bray 1[brey] ExamplesWord Origin noun

  1. the loud, harsh cry of a donkey.
  2. any similar loud, harsh sound.

verb (used without object)

  1. to utter a loud and harsh cry, as a donkey.
  2. to make a loud, harsh, disagreeable sound.

verb (used with object)

  1. to utter with a loud, harsh sound, like a donkey.

Origin of bray 1 1250–1300; Middle English brayen Old French braire to cry out (cognate with Medieval Latin bragīre to neigh) Celtic; compare Old Irish braigid (he) breaks windCan be confusedbraid brayed bray 2[brey] verb (used with object)

  1. to pound or crush fine, as in a mortar.
  2. Printing. to thin (ink) on a slate before placing on the ink plate of a press.

Origin of bray 2 1350–1400; Middle English brayen Anglo-French bra(i)er, Old French broier Germanic; see break Unabridged Based on the Random House Unabridged Dictionary, © Random House, Inc. 2019 Related Words for braying yell, neigh, hee-haw Examples from the Web for braying Contemporary Examples of braying

  • Already, the conservative media is braying for their names and setting up justifications for identifying them.

    Don’t Out Cain’s Accusers

    Michelle Goldberg

    November 5, 2011

  • Palin is a beauty-queen Elmer Gantry, outdoing Stephen Colbert in cheesy, braying nationalism.

    Run, Sarah, Run!

    Michelle Goldberg

    July 23, 2009

  • She dispenses facts like a braying machine, bobble-nodding a head of hyper-lacquered hair.

    Thandie Nails Condi

    Patricia J. Williams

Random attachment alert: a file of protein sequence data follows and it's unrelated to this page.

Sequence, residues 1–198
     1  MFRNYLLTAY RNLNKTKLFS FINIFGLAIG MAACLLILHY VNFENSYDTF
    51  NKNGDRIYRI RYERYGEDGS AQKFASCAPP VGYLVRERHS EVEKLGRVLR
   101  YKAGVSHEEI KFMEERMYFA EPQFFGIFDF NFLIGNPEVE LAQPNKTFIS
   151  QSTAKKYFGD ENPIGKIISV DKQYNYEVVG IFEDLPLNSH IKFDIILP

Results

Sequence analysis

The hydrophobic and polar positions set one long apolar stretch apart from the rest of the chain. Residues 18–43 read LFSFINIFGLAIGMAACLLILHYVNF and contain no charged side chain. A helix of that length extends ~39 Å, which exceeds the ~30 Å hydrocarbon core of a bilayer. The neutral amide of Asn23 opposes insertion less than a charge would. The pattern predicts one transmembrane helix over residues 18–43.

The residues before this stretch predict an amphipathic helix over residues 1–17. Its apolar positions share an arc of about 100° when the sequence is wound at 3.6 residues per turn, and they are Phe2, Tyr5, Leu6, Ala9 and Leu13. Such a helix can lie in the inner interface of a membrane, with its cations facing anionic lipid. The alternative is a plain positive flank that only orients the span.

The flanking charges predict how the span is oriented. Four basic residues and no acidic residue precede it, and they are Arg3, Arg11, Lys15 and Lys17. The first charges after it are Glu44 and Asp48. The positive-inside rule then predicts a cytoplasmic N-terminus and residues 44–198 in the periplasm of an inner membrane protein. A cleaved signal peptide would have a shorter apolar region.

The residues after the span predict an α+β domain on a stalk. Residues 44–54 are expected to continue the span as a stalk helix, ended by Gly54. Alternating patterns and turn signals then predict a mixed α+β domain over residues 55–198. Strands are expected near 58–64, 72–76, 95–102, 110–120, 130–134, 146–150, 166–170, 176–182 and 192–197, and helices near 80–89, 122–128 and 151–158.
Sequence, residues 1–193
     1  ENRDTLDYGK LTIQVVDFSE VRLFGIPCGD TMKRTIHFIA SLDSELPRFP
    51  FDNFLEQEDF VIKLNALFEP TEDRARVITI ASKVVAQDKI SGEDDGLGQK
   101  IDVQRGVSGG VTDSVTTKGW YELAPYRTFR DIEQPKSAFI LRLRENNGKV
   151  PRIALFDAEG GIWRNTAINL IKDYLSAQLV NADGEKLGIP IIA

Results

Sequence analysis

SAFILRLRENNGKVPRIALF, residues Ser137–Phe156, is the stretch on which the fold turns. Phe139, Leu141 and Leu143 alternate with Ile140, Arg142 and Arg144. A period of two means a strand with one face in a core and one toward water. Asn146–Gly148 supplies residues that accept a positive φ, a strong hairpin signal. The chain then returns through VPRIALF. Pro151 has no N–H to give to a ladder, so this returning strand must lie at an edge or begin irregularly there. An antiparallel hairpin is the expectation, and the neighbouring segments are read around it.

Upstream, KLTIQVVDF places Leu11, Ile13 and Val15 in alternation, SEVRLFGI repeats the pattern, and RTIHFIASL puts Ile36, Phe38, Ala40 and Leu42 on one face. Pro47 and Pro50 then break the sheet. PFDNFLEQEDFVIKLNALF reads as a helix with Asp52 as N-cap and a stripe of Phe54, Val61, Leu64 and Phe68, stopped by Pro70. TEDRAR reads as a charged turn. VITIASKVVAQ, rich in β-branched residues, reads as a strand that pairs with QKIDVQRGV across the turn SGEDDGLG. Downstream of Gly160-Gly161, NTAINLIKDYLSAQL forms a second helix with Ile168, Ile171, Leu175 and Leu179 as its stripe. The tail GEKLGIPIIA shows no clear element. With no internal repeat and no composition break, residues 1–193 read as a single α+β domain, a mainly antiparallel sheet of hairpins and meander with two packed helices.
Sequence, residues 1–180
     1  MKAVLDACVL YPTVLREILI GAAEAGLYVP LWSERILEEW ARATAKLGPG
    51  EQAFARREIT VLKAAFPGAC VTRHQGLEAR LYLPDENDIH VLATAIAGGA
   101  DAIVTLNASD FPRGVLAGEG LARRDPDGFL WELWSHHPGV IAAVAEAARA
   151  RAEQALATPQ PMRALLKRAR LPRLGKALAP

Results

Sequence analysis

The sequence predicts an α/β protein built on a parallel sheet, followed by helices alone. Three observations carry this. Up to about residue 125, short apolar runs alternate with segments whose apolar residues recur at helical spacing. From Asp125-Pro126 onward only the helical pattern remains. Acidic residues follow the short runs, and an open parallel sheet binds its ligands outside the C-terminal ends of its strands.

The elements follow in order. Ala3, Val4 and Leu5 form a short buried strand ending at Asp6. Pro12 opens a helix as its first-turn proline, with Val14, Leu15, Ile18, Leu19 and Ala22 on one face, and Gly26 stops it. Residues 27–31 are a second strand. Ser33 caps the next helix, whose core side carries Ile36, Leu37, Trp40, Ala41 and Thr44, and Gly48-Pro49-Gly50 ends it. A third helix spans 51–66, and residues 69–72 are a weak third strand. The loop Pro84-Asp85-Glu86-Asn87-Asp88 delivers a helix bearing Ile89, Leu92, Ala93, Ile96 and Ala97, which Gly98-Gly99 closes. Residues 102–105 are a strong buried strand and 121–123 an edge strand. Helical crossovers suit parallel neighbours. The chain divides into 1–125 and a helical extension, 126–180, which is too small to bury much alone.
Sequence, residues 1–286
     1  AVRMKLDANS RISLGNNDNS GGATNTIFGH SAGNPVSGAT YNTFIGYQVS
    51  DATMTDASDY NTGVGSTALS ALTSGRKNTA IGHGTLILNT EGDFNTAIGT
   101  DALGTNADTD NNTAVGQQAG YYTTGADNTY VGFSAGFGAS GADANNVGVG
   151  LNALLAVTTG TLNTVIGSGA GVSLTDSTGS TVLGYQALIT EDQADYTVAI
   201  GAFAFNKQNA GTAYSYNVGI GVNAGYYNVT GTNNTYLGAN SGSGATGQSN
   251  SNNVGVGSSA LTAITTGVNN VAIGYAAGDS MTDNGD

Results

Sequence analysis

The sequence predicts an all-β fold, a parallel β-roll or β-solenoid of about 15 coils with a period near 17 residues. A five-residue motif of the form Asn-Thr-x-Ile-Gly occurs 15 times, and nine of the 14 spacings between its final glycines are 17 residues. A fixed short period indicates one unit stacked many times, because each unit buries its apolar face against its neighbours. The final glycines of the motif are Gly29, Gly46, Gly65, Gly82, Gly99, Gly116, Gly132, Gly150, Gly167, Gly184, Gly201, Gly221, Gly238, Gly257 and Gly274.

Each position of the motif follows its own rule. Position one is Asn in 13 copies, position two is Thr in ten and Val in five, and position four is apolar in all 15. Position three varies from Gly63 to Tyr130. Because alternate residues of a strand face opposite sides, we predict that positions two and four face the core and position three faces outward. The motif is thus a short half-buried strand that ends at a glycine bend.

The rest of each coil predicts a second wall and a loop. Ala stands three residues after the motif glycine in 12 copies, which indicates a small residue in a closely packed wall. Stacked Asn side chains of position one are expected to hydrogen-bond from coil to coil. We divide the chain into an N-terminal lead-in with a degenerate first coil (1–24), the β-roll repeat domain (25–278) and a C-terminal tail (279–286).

October 21, 2008

  • Historical Examples of braying

  • Right at him came the donkey, braying as though in glee at the trick he had played.

    Frank Roscoe’s Secret

    Allen Chapman

  • I started off with braying horn, and at that I had to use caution.

    The Million-Dollar Suitcase

    Alice MacGowan

  • You’ve been braying in the dark about ‘See to-morrow morning!’

    The Nigger Of The “Narcissus”

    Joseph Conrad

  • I must fain eat and drink; let me at least refrain from braying.

    Paul Patoff

    F. Marion Crawford

  • Well, I am an animal that paints instead of cackling, or braying, or spinning lies.


    George Eliot

  • British Dictionary definitions for braying bray 1 verb

    1. (intr) (of a donkey) to utter its characteristic loud harsh sound; heehaw
    2. (intr) to make a similar sound, as in laughinghe brayed at the joke
    3. (tr) to utter with a loud harsh sound


    1. the loud harsh sound uttered by a donkey
    2. a similar loud cry or uproara bray of protest

    Derived Formsbrayer, nounWord Origin for bray C13: from Old French braire, probably of Celtic origin bray 2 verb

    1. (tr) to distribute (ink) over printing type or plates
    2. (tr) to pound into a powder, as in a mortar
    3. Northern English dialect to hit or beat (someone or something) hard; bang

    Derived Formsbrayer, nounWord Origin for bray C14: from Old French breier of Germanic origin; see break Collins English Dictionary – Complete & Unabridged 2012 Digital Edition © William Collins Sons & Co. Ltd. 1979, 1986 © HarperCollins Publishers 1998, 2000, 2003, 2005, 2006, 2007, 2009, 2012 Word Origin and History for braying bray v.

    c.1300, from Old French braire “to cry,” from Gallo-Romance *bragire “to cry out,” perhaps from a Celtic source (cf. Gaelic braigh “to shriek, crackle”), probably imitative. Related: Brayed; braying.

    bray n.

    c.1300, from bray (v.).

    Online Etymology Dictionary, © 2010 Douglas Harper

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